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Haviland v. Kline & Specter, P.C.

Superior Court of Pennsylvania

March 22, 2018

DONALD E. HAVILAND, JR. Appellant
v.
KLINE & SPECTER, P.C.

          Appeal from the Order Entered May 12, 2017 In the Court of Common Pleas of Philadelphia County Civil Division at No(s): 080900336

          BEFORE: MURRAY, J., McLAUGHLIN, J., and STEVENS [*], P.J.E.

          OPINION

          MURRAY, J.

         Appellant, Donald E. Haviland, Jr. (Haviland), appeals from the order denying his petition for a preliminary or special injunction to disqualify retired Judge Mark Bernstein (Bernstein) as the court-appointed neutral arbitrator in this matter. For the reasons that follow, we quash this appeal.

         Haviland and the law firm Kline & Specter (K&S) have been involved in a long and acrimonious series of disputes. In November 2001, K&S hired Haviland, who is an attorney, to manage its newly-formed Class Action Department. The employment agreement between Haviland and K&S (Employment Agreement) set forth the terms that would control the allocation of client fees and costs in the event Haviland were to leave K&S. Specifically, Paragraph 5 of the Employment Agreement stated that Haviland would have to pay K&S a "referral fee" in the amount of one-third of the total fees he received for any non-class action matter in which he continued to act as counsel after leaving K&S. Employment Agreement, ¶ 5. During his employment with K&S, Haviland represented the Commonwealth of Pennsylvania (Commonwealth) in several lawsuits involving major brand-name prescription drug companies known as the PA-AWP and Lupron Blues litigation.

         In September 2006, Haviland left K&S because the law firm had decided to close its Class Action Department. Upon leaving, Haviland continued to act as counsel for the Commonwealth in the PA-AWP and Lupron Blues litigation. Approximately six months later, Haviland obtained the Commonwealth's first favorable settlement with a defendant in those cases.

         On July 13, 2007, K&S filed a Petition for the Appointment of an Arbitrator to adjudicate its dispute with Haviland regarding the apportionment of costs and fees that Haviland and K&S would receive under the Employment Agreement stemming from the PA-AWP and Lupron Blues litigation. K&S contended that Paragraph 5 of the Employment Agreement required Haviland to pay K&S one-third of the total fees he received from the settlements in the PA-AWP and Lupron Blues cases. This petition was the genesis of the series lawsuits and arbitration proceedings and awards that Haviland and K&S continue to litigate to this day.[1]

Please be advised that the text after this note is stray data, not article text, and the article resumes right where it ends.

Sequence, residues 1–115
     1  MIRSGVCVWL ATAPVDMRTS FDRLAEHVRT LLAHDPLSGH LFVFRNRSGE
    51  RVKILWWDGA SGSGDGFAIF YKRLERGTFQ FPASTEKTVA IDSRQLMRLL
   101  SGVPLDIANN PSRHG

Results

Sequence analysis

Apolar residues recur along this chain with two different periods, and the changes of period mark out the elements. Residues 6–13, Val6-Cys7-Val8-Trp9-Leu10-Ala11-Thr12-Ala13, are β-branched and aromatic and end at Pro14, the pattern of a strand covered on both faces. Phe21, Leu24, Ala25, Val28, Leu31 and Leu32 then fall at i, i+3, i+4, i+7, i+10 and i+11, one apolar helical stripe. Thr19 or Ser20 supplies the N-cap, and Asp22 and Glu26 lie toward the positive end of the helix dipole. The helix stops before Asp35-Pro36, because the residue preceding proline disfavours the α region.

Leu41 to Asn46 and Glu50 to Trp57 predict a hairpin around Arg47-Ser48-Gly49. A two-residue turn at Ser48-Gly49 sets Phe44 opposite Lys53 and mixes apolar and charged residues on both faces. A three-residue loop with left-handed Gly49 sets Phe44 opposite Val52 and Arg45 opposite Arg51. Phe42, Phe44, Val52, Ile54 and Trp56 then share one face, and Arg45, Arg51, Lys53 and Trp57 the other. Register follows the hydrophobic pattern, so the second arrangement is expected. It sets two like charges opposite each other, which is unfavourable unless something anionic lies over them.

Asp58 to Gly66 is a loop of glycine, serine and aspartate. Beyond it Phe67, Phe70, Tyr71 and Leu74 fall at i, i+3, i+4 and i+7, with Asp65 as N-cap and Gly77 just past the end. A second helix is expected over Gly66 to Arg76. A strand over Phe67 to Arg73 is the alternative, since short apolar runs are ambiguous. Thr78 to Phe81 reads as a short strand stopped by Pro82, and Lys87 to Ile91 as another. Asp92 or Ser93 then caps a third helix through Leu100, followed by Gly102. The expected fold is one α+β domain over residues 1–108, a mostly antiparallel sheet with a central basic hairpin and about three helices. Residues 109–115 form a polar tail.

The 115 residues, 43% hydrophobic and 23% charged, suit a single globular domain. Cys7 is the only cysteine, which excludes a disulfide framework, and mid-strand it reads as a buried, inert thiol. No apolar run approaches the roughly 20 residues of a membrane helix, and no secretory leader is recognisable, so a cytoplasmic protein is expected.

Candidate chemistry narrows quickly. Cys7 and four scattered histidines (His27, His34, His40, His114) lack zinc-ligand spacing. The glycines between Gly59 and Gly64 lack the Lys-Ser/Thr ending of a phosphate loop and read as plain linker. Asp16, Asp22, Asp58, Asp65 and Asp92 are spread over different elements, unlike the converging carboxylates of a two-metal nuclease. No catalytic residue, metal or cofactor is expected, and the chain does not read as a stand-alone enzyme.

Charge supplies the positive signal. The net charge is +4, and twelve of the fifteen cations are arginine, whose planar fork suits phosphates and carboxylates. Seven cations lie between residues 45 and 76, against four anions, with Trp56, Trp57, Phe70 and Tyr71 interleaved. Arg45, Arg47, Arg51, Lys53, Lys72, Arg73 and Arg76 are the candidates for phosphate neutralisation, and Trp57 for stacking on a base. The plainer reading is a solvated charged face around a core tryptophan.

On September 3, 2008, Haviland commenced this action by filing a praecipe to issue a writ of summons. On November 13, 2008, the trial court stayed the action pending the outcome of the arbitration proceedings in the aforementioned related dispute between the parties. On January 22, 2016, following the arbitration award in the related dispute, Haviland filed a complaint in the instant action in which he alleged that K&S breached Paragraph 6 of the Employment Agreement, which governs the allocation of costs and fees in class-action lawsuits in which Haviland continued to act as counsel after leaving K&S. Haviland alleged that he was entitled to fees stemming from several class-action lawsuits (unrelated to the PA-AWP and Lupron Blues cases) that he handled while working for K&S that he never received.

         On February 2, 2016, K&S filed preliminary objections in which it asked the trial court to compel Haviland to submit his claims to arbitration pursuant to Paragraph 10 of Employment Agreement. Paragraph 10 of the Employment Agreement provides that the parties agreed to enforce the Employment Agreement "by either binding arbitration under [Pennsylvania's] Arbitration Act of 1927 or through court action, at the option of K&S[.]" Employment Agreement, ¶ 10. On March 17, 2016, the trial court sustained in part and overruled in part the preliminary objections, remanding the matter to arbitration pursuant to Paragraph 10 of the Employment Agreement.

         Importantly, the trial court's March 17, 2016 order required Haviland and K&S to each appoint an arbitrator and provide notice to all parties of the individual selected within 20 days of the date of the order. The order further provided that the named arbitrators for each party were to confer and select a third, neutral arbitrator within 45 days of the date of the order. The order stated that if the named arbitrators were unable to agree upon a neutral arbitrator, the trial court would appoint one.